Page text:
Staging Race : Black Performers in Turn of the Century America / Karen Sotiropoulos.
- Other records:
- Cambridge, MA : Harvard University Press, 
1 online resource
- African Americans in the performing arts.
Performing arts -- Political aspects -- United States -- 19th century.
Performing arts -- Political aspects -- United States -- 20th century.
- In English.
- System Details:
- Mode of access: Internet via World Wide Web.
text file PDF
- Drawing extensively on black newspapers and commentary of the period, Karen Sotiropoulos shows how black performers and composers participated in a politically charged debate about the role of the expressive arts in the struggle for equality. Despite the racial violence, disenfranchisement, and the segregation of virtually all public space, they used America's new businesses of popular entertainment as vehicles for their own creativity and as spheres for political engagement.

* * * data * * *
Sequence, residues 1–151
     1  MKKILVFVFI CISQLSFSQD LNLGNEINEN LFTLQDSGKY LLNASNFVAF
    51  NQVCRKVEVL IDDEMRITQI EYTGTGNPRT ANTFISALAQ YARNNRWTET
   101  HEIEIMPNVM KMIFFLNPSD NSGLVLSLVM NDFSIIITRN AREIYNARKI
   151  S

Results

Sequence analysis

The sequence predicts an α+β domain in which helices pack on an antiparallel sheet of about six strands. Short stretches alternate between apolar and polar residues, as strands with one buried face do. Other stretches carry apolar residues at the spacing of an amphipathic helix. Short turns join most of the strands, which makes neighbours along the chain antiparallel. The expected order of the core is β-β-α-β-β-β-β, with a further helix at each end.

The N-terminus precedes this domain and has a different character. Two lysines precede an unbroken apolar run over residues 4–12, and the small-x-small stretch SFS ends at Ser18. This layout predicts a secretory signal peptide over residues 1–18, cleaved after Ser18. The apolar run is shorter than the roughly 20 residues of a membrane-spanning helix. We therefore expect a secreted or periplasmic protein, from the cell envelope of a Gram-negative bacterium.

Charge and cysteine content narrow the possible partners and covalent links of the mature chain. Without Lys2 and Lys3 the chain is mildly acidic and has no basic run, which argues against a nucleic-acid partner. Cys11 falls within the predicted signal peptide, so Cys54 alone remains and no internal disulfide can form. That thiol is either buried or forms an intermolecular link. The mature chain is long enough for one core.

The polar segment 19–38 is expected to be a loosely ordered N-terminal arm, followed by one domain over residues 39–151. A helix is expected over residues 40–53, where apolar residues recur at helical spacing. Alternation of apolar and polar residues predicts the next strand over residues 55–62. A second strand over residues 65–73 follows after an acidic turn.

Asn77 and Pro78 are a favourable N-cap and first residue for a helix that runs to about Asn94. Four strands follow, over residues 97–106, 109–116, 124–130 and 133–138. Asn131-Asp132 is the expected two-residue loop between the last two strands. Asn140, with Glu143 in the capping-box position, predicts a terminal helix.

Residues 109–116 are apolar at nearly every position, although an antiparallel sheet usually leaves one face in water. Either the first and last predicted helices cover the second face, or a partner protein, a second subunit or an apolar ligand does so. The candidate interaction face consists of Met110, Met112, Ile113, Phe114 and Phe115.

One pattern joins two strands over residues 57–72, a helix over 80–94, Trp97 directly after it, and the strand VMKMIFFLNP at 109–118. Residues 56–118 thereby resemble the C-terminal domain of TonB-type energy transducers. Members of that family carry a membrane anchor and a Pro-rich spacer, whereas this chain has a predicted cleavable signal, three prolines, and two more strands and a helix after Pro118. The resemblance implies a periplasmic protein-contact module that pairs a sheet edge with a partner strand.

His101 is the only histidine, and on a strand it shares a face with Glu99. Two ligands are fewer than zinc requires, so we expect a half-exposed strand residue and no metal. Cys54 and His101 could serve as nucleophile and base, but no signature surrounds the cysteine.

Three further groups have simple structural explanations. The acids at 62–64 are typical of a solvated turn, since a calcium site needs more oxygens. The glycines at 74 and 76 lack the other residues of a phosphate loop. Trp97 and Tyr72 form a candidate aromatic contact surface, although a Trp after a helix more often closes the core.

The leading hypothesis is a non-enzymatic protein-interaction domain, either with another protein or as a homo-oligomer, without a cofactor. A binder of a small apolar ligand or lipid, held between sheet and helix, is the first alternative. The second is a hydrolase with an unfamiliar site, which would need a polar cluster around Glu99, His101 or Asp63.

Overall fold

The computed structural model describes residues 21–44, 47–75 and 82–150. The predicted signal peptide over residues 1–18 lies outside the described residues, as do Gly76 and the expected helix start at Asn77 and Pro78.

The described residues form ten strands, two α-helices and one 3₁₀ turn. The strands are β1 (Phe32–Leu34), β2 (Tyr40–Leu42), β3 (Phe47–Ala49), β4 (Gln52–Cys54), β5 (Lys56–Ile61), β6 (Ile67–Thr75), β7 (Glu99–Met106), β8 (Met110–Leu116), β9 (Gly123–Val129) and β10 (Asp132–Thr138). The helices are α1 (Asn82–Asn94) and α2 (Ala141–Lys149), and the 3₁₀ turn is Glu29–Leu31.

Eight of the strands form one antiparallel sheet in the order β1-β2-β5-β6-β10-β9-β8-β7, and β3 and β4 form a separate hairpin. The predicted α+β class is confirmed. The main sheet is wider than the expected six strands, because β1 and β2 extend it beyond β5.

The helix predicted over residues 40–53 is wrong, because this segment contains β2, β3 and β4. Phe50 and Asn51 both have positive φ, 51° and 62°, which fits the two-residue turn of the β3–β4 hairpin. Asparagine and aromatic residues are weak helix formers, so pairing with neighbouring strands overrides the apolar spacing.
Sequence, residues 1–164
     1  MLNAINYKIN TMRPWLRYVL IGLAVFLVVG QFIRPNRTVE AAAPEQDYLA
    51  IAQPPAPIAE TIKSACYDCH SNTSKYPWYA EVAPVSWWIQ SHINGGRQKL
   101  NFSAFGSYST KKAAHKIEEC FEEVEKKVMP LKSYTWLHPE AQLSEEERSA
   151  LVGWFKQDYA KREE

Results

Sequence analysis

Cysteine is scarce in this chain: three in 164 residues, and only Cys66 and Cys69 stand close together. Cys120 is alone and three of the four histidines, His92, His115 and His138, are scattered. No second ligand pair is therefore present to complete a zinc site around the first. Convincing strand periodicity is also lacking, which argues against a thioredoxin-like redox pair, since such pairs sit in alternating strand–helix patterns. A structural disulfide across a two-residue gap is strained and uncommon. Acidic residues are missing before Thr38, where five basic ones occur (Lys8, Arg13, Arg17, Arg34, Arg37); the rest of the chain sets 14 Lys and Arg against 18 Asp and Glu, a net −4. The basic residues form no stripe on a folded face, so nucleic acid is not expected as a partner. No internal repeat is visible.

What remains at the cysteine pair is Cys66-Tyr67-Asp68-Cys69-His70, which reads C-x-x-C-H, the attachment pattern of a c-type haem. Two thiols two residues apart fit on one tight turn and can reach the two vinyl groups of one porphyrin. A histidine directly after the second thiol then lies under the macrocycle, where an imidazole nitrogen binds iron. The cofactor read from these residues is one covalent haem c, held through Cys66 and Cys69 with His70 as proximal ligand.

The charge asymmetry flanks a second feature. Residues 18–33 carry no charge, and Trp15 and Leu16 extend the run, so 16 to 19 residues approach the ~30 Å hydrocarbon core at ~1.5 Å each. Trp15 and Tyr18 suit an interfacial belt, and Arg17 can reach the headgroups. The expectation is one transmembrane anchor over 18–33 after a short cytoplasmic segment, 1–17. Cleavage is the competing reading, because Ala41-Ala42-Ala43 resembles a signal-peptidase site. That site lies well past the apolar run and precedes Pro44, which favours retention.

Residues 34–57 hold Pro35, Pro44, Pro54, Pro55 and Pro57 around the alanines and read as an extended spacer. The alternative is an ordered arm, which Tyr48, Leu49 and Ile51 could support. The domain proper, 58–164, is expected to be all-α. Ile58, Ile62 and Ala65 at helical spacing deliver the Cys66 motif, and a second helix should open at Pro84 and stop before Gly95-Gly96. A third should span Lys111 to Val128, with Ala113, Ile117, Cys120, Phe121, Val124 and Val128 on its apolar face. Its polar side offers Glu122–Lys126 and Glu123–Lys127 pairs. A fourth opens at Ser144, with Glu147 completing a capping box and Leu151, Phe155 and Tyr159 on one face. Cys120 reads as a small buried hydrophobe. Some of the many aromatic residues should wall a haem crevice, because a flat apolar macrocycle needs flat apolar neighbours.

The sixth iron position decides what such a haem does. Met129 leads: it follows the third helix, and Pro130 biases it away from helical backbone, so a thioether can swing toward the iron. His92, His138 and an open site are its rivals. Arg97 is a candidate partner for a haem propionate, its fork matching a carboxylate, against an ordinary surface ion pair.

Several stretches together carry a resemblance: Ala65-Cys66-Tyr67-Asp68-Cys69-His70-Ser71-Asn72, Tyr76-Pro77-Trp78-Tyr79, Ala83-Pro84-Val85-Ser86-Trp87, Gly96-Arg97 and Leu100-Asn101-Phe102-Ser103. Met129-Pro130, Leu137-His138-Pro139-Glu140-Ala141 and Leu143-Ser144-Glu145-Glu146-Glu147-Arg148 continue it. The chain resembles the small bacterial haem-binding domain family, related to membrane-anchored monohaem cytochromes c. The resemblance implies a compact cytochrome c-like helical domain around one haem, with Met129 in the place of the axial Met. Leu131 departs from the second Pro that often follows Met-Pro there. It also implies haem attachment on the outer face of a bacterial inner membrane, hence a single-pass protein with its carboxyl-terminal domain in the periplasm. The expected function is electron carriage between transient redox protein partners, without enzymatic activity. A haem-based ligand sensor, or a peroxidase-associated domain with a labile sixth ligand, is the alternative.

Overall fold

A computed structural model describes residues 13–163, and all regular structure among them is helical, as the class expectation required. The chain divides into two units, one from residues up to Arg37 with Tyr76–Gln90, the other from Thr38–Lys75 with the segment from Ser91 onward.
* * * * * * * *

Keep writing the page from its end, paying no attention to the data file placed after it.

INTRODUCTION. Politics, Not Minstrelsy
1. Minstrel Men and the World's Fair
2. Vaudeville Stages and Black Bohemia
3. The "Coon Craze" and the Search for Authenticity
4. "No Place Like Home": Africa on Stage
5. Morals, Manners, and Stage Life
6. Black Bohemia Moves to Harlem
CODA: Hokum Redux
- Description based on online resource; title from PDF title page (publisher's Web site, viewed 08. Jul 2019)
- De Gruyter.
- Contained In:
- De Gruyter University Press Library.
- Publisher Number:
- 10.4159/9780674043879 doi
- Access Restriction:
- Restricted for use by site license.
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